The first people living in Iowa arrived about the same time as the last of the Ice Age glacier was retreating northward. Millennia would pass before their descendants began growing their own food. The warming climate, which halted the ice, allowed the earliest human settlers to occupy a landscape of cool, moist coniferous forests interspersed with open meadows and wetlands populated by many animals and plants never again seen by later peoples. Iowa has produced impressive remains of large Ice Age mammals such as mammoth and giant ground sloth at sites like the Allied Mammoth Site in Des Moines and West Tarkio Creek in Page County.
Clues to these earliest inhabitants come from the stone projectile points—named Clovis and Folsom—used as weapons and cutting tools—lost, forgotten, or cached at early Paleoindian period sites across Iowa. These early artifact discoveries tend to occur near streams or rivers, often in confluence areas, and near sources of high quality chert or flint. To date, over 200 Clovis and Folsom points have been recorded across the state, many found by collectors walking cultivated fields and stream beds. Only the Rummells-Maske site in Cedar County and the Carlisle cache in Warren County received professional excavation. A Clovis point discovered in Woodbury County retained blood residue sealed beneath a layer of calcium carbonate. Chemical analysis of the blood indicates the point had been used to hunt deer or elk.
The way of life for these earliest Iowans was likely nomadic with small communities moving to take advantage of resources. From various sites outside the state, we know that Paleoindian hunters often worked together to drive animals into areas where they might more easily be killed and then butchered. In addition to spearpoints, contemporary artifacts include knives, scrapers, abraders, choppers, rubbing stones, and some bone and antler artifacts. Most of these seem to reflect game processing and hide work.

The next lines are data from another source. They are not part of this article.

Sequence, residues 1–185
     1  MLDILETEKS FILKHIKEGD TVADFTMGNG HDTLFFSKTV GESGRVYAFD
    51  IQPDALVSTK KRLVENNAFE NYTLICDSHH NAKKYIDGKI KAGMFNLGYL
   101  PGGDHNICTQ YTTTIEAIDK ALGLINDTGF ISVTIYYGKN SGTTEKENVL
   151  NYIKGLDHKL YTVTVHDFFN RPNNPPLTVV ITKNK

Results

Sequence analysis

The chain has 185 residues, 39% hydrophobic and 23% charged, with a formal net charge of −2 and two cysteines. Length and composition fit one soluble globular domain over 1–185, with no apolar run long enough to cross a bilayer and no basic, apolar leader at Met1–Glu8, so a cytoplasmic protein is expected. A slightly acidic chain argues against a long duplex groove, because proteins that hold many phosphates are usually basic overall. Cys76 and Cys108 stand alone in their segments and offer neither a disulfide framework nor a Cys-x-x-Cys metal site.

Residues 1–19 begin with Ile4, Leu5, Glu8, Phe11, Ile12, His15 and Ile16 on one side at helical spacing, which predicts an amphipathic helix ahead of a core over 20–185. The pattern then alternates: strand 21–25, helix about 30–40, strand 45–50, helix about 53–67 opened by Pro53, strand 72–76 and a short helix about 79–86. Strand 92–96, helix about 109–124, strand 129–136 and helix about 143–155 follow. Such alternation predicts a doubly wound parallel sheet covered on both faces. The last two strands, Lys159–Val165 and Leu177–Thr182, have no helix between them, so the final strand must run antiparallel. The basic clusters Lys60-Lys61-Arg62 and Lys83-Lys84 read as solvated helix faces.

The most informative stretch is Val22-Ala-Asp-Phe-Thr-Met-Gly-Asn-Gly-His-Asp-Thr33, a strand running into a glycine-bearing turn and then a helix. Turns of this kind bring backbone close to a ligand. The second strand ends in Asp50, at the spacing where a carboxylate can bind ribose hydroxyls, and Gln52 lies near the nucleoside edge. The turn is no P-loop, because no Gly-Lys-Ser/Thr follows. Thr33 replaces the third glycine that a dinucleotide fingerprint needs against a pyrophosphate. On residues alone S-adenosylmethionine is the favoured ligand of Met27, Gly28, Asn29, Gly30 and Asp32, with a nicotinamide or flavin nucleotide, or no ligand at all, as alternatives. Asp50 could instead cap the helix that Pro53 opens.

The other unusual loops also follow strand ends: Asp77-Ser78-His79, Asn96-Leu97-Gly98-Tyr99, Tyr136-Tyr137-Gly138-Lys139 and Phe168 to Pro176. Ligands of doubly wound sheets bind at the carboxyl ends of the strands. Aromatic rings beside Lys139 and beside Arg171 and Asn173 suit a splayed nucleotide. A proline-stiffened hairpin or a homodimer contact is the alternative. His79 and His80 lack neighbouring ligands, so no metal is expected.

Almost nothing is known of early Paleoindian society, housing, more perishable artifacts like clothing, or plant use. It is assumed that communities were small, probably extended families. Housing would likely have been temporary, involving some sort of branch or bone framework with a covering of skins or mats. Clothes likewise would have been made of skins. A few wild seeds like those of hackberry are occasionally reported at Paleoindian sites. These kinds of items do not usually survive except under rare circumstances of preservation.
To piece together a picture of this earliest period of Iowa’s history takes the combined contributions of scientists from a number of fields— geology, paleontology, and archaeology. Recent discoveries, like those at the Rummells-Maske and Carlisle sites are adding to our understanding of this remote period.
Anderson and Tiffany 1972
Morrow and Morrow 2002